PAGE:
Former Tory minister reveals five reasons why Johnson will regret not sacking Cummings

Dominic Cummings, senior aide to Prime Minister Boris Johnson, answers questions from the media. Photograph: Jonathan...

Dominic Cummings, senior aide to Prime Minister Boris Johnson, answers questions from the media. Photograph: Jonathan Brady/PA Wire. - Credit: PA

Former Conservative minister David Gauke has revealed the five key reasons why he believes that Boris Johnson will regret not sacking senior aide Dominic Cummings.

Gauke, who served as the justice secretary under Theresa May, said that he had supported the government approach to the coronavirus crisis and believed the public would acknowledge any other administration running the country could have made the same mistakes Johnson had made.

But he told Conservative Home that while the public were willing to accept those mistakes in good faith, that 'benefit of the doubt has been lost and it has been lost because of Dominic Cummings'.

Gauke gave five reasons why he believed the prime minister was wrong not to sack his senior aide.

He wrote: 'First, the arrogance. The immediate response from Cummings was to dismiss the story as an irrelevance – 'it's not about what you guys think' – when it was clear that the guidelines had been broken and an apology was in order.

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'Second, the lack of honesty and transparency. The Cummings story changed almost by the hour and the explanation for the trip to Barnard Castle stretches credulity. By the way, the emergence that Cummings' 2019 blog was amended in April to include a specific reference to the threat of a coronavirus pandemic (which gave the impression that he was extraordinarily prescient) deserves much more attention.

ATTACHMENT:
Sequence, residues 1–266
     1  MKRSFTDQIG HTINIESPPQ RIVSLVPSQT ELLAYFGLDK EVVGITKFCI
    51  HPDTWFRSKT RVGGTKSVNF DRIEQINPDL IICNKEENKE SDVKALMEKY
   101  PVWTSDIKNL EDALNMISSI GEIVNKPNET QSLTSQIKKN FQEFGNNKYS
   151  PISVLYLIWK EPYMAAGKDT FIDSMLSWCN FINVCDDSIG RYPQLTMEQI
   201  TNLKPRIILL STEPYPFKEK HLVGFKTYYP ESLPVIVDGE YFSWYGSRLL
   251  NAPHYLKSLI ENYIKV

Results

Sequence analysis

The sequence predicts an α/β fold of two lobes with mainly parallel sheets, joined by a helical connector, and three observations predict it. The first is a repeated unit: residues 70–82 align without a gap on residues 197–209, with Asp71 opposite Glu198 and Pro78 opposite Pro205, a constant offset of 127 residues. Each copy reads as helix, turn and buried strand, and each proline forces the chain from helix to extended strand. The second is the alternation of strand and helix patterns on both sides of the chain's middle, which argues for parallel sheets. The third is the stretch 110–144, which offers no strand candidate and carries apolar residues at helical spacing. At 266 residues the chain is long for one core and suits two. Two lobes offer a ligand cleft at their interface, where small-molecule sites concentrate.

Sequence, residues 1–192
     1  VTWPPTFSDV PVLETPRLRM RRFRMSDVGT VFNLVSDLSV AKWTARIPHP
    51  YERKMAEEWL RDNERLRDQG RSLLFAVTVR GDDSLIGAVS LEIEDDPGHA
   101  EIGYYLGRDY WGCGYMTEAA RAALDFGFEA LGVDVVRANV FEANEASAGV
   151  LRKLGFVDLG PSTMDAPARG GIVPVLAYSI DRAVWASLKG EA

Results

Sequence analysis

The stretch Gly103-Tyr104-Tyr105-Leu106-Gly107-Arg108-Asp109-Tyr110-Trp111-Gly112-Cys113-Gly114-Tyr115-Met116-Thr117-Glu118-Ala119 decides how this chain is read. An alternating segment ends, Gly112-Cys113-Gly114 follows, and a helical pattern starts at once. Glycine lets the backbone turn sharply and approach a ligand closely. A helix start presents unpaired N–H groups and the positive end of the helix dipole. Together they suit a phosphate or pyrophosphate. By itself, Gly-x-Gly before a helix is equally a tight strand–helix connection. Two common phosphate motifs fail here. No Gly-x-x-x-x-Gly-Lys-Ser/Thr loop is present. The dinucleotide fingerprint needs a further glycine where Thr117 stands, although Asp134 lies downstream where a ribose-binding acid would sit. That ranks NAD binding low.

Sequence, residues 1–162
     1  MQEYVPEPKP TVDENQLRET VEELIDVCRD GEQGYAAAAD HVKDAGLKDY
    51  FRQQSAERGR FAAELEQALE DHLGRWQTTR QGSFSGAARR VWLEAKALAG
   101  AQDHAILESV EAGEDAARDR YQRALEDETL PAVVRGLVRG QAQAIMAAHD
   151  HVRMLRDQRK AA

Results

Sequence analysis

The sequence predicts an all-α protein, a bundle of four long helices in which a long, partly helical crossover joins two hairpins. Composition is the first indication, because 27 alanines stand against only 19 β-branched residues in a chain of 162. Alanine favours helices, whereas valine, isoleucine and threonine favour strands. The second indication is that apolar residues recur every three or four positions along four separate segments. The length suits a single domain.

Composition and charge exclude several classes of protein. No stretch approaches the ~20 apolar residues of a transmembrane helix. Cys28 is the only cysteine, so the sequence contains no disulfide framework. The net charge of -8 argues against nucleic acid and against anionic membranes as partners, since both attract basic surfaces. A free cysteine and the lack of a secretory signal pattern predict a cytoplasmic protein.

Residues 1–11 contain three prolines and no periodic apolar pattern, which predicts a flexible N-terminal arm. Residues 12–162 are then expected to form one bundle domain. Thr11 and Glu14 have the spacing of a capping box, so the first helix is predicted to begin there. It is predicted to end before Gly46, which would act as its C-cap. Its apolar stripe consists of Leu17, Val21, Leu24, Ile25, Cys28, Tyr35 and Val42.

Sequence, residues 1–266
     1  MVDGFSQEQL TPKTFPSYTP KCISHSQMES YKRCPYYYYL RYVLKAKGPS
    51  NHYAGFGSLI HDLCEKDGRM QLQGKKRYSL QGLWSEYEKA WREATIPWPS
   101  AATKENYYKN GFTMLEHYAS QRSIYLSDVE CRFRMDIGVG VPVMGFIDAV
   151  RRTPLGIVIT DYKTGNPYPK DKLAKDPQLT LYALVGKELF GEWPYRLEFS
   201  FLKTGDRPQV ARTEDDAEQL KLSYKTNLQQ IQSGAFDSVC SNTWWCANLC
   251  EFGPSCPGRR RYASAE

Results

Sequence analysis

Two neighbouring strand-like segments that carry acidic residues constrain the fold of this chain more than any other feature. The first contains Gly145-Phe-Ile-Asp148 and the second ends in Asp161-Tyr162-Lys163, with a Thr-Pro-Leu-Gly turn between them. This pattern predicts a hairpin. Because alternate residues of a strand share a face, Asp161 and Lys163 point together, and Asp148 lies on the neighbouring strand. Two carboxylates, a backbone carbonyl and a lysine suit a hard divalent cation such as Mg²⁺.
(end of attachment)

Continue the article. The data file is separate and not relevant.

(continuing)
'Third, the emasculation of the cabinet. At a time when the government badly needs a large number of big beasts to go out and make its case for it, forcing cabinet ministers to tweet in support of an indefensible position undermines them. Given the nature of this controversy, the attorney general should certainly have neither been asked nor should she have consented to do this.

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'Fourth, the dependence of the prime minister on a single adviser. It was always likely to be the case that Boris Johnson would take a slightly non-executive approach to being Prime Minister, and ill-health and family responsibilities have probably exacerbated that tendency.'

He continued: 'But, as the revealing Danny Kruger view to his fellow members of the 2019 Conservative intake argues 'BJ and DC … together is the only way to GBD, level up the regions, and fix Whitehall – the only things which will win us the next General Election'. The 'only way'? And, as with the Vote Leave organisation, the government is full of people whose loyalty is primarily to Mr Cummings – making him apparently unsackable.

'Fifth, everything is seen through the prism of Brexit. Again, the Kruger stance makes it clear that the big prize is 'GBD' – Getting Brexit Done. That is what really matters above all.'

The former minister, who lost the whip after voting against a no-deal Brexit, acknowledged he could be seen as a 'bitter Remainer' for his words.

But he said: 'A government that shows humility and honesty will retain the benefit of the doubt, but that runs counter to a 'never apologise, never explain' ethos. The country expects the prime minister to be in charge and for cabinet ministers to be competent and substantial figures.'

And he warned that while the crisis appeared to bring people together after bitter Brexit divides, the Cummings saga has now re-opened old wounds.

He continued: 'The national mood in recent months has been one of a coming together. The scars of the Brexit debate were beginning to heal as most of the country wanted the government to succeed. Honest mistakes were forgiven; genuine successes celebrated.

'But the decision to keep Cummings in place has meant that normal politics has resumed much earlier than would otherwise be the case. Given the difficult months ahead, the prime minister may regret that.'

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